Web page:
AuthorsA. B. Kanten
TitleLooking at the World From a Distance: Construal Level in Time Predictions and Counterfactual Thinking
AfilliationSoftware Engineering, Software Engineering
StatusPublished
Publication TypePhD Thesis
Year of Publication2012
PublisherUniversity of Oslo
Thesis Typephd
Abstract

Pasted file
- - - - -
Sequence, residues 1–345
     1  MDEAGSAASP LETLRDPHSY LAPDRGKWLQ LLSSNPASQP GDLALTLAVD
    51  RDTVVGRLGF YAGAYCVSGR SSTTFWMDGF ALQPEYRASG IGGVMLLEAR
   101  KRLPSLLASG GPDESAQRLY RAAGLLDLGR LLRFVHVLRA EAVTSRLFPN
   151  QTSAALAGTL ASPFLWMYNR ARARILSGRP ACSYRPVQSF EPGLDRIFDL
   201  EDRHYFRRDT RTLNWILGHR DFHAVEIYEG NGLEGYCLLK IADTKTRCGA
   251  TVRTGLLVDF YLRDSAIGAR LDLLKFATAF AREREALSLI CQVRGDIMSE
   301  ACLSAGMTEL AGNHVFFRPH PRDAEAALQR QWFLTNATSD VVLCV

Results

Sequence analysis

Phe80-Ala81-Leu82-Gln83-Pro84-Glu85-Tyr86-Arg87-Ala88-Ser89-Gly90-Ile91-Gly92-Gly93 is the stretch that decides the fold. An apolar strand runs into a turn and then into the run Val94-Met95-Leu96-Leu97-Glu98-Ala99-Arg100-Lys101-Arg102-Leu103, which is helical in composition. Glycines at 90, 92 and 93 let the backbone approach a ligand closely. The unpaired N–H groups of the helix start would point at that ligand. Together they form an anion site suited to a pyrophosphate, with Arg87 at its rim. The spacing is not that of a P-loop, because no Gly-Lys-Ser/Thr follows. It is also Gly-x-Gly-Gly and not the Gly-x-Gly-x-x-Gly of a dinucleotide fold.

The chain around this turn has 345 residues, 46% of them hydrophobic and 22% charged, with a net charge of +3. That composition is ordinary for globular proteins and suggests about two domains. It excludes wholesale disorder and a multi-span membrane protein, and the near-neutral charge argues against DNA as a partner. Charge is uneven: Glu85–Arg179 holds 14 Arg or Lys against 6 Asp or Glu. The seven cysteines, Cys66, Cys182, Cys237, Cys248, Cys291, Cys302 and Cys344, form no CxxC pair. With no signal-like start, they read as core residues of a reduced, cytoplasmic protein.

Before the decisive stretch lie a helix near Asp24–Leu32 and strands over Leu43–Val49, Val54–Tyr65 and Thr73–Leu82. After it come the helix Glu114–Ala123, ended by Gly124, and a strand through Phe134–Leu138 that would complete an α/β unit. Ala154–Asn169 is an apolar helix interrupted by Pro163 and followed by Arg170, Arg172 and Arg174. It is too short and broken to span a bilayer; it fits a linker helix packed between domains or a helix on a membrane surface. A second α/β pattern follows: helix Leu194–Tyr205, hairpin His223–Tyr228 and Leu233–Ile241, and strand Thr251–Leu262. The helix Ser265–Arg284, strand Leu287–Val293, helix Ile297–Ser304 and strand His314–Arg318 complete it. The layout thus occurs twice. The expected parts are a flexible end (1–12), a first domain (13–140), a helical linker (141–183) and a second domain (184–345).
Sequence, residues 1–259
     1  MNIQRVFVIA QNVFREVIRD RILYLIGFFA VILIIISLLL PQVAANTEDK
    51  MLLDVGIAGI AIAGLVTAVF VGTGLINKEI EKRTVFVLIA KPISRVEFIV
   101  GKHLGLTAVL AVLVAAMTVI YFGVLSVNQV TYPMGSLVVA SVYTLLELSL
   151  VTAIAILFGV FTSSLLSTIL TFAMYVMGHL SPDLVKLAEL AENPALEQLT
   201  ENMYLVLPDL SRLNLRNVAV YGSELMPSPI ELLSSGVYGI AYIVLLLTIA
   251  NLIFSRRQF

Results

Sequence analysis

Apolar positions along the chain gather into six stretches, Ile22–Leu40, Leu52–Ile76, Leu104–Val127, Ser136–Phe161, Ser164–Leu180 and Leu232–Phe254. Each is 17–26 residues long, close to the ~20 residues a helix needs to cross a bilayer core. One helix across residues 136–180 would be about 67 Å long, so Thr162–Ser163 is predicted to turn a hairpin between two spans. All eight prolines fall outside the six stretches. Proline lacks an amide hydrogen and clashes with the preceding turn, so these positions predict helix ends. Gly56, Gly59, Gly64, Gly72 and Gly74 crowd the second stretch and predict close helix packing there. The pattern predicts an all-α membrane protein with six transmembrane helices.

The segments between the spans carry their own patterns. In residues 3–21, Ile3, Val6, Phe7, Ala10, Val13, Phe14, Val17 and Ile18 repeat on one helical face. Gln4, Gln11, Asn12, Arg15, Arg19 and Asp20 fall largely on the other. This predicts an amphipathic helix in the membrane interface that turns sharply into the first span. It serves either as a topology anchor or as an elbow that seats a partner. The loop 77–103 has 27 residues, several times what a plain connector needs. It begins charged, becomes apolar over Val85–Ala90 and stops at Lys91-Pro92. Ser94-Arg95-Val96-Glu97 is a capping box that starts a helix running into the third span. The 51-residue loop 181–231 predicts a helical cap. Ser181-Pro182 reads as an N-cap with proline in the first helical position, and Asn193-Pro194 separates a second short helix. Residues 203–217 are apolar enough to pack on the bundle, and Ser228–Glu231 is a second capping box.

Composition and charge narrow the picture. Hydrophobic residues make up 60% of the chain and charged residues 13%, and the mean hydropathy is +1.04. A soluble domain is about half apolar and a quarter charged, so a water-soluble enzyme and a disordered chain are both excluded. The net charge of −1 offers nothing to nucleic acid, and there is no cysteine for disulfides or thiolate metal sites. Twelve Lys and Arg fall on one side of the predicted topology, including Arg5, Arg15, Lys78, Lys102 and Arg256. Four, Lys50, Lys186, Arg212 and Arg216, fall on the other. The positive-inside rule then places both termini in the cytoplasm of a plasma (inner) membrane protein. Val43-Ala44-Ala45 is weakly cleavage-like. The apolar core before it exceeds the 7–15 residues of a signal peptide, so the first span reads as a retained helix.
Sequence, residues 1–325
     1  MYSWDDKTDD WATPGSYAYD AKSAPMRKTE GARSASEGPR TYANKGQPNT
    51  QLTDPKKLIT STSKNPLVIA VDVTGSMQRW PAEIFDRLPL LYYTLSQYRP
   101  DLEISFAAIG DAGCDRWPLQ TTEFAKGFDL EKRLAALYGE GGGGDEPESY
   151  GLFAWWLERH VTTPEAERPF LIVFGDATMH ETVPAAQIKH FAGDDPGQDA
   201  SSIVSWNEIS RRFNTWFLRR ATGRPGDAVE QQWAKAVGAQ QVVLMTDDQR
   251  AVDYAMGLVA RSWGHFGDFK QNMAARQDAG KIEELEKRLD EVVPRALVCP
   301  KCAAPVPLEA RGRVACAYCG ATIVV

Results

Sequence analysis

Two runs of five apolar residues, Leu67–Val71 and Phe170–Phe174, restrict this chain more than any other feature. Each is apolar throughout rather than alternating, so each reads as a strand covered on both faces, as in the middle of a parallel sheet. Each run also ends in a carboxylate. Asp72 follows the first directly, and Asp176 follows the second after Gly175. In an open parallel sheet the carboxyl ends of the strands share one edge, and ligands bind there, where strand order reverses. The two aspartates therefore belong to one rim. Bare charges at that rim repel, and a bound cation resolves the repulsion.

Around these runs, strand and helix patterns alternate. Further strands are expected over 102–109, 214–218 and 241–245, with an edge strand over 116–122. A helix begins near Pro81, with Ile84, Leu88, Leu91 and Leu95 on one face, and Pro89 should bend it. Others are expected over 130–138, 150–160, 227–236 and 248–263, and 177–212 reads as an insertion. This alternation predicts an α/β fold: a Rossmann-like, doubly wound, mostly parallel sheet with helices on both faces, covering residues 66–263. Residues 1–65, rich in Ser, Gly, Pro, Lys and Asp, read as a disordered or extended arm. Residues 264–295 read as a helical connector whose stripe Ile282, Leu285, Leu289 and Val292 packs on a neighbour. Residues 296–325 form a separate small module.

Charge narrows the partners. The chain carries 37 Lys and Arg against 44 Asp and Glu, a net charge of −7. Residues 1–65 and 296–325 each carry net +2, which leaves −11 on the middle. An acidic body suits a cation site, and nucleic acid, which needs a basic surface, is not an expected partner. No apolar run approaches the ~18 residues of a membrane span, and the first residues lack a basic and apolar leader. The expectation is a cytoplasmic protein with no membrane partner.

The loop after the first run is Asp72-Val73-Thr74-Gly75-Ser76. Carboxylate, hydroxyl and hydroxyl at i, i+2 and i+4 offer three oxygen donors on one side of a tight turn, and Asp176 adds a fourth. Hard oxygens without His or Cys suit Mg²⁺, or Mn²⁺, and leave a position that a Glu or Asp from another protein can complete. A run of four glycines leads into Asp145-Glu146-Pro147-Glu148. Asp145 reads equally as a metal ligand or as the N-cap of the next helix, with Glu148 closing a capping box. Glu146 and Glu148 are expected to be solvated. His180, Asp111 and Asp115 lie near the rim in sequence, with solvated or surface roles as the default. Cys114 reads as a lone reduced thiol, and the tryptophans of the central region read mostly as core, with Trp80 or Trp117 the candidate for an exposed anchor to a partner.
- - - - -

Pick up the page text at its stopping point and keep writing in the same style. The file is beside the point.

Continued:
The main purpose of present thesis is to examine the role of psychological distance in two distinct types of predictions. First, the effects of distance on predictions of task duration are investigated. Second, we examine how people predict the consequences of real versus “more distant” counterfactual events. In the three papers that make up the thesis, construal level theory (CLT) was adopted as the main theoretical framework. CLT states that as people mentally transcend the experienced self in terms of time, space, social distance, or hypoheticality, they increasingly rely on abstract high level construals over concrete low level construals to form mental representations. A wealth of research has demonstrated that this shift in construal level affects judgments in a variety of domains. In Papers 1 and 2, the relation between distance/construal level and performance time estimates is investigated. With construal level manipulated by means of temporal distance to the task, degree of hypotheticality, and construal level priming, it is shown that abstraction causes task duration estimates to increase. As an explanation of this effect, the notion of time contraction is introduced as the mediating mechanism. Specifically, it is suggested that time units appear shorter as people move up in construal level so that more time units are needed to cover the same amount of work. Direct support for the operation of this mechanism was obtained in Paper 1. The finding that temporally distant tasks were perceived as more time consuming than more imminent tasks stands in stark contrast to past research on future optimism (temporal distance tends to increase rather than decrease optimism), and perhaps also to common sense (tasks seem simpler and more manageable when viewed from a distance). Inspired by these observations, in Paper 2, we sought to investigate whether there would be a contrast between what people believe is the effect of temporal distance on duration estimates and what the 4 actual experimental findings indicate. The results showed that students with very little background in psychology had no consistent opinions regarding the direction of the effect. However, second year psychology students consistently predicted, in contrast to the actual results, that temporal distance would produce lower estimates. These results imply that the effect of distance on duration estimates reported in Papers 1 and 2 are non-trivial and that people seem to have a very limited “metacognitive” access to their own estimation behaviour. In Paper 3, the relevance of CLT to counterfactual thinking is examined. It is suggested that since counterfactual possibilities, by definition, are more distant on the hypotheticality dimension than events that presumably are going to happen, counterfactuals should be conceived in more prototypical terms than ordinary predictions. It is hypothesized that for events with a clear valence, this focus on prototypicality should lead speculations of “what would have happened if...” to be more extreme than predictions of “what will happen”. In line with this, the results showed that when presented with critical situations that took a turn for the better or the worse, people evaluated the consequences of the better outcomes as better and the consequences of the worse outcomes as worse, when presented as counterfactuals rather than actual occurrences. In sum, the thesis contributes to the literature on time predictions by showing that distance increases task duration estimates via how people represent time. The thesis also contributes to the field of counterfactual thinking by demonstrating that counterfactuals promote a focus on extreme consequences. More generally, the thesis adds to the growing body of research on CLT by presenting novel ideas on the effects of shifts in construal level.